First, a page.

4Of course, ascribing this belief to Jones is correct on a de re reading of the ascription, not on a de dicto one - see for instance Burge (1977) for discussion.

5S and H should also think of the relevant property in sufficiently similar ways, but we can omit this to simplify the discussion.

6I do not mean to suggest that Frege would have endorsed SW, as Loar seems to say here. Frege’s theory concerning modes of presentation and their relation to “senses” raises difficult exegetical issues that cannot be addressed here.

7 Fodor (1998) and Schroeter and Schroeter (2014) criticize appeals to similarity through objections that are different from the ones presented here.

8In section X of his (1976) article Loar might be suggesting a different picture, but I am not sure how to interpret his remarks in that section.

9As they are, the descriptions in question are incomplete, but let us grant that the SW theorist would be able to provide complete descriptions for both Smith and Jones.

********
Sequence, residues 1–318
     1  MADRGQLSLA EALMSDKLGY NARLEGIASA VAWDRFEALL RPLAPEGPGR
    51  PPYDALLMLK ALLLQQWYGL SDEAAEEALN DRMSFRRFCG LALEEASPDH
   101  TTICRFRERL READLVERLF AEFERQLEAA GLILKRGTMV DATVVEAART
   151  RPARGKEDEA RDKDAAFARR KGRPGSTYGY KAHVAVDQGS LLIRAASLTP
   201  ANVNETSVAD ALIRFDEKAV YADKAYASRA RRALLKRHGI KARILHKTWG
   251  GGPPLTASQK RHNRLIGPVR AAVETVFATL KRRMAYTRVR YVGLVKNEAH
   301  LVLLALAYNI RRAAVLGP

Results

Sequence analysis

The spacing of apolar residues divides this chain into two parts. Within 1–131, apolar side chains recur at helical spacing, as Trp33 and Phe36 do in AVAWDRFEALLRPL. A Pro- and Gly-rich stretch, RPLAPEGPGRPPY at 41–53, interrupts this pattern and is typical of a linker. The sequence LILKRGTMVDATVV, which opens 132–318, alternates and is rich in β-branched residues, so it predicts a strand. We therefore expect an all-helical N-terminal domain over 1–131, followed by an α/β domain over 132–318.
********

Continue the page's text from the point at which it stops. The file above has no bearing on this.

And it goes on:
10The objection to follow is based on famous arguments by Kripke (1972) and Perry (1977, 1979).

11For the sake of brevity I will sometimes use expressions in quotes to refer to beliefs, as in “Lingens forms the belief ‘I am a great writer.’ ” This should be read as: “Lingens forms the belief that he would express with ‘I am a great writer.’ ”

12I have been assuming that ways of thinking determine reference on this picture. It would be more accurate to say that ways of thinking determine reference “in the weak sense of determination in a context” (Chalmers 2011, p. 602). For instance, a description like < the thinker of this thought > will obviously only determine reference relative to a context. This does not affect my argument against SW, so I will ignore this complication in what follows.

13Scenarios can be roughly identified with centered worlds - ordered triples of worlds, individuals, and times. Lingens’s belief is also associated with a secondary intension, which we can roughly identify with its reference.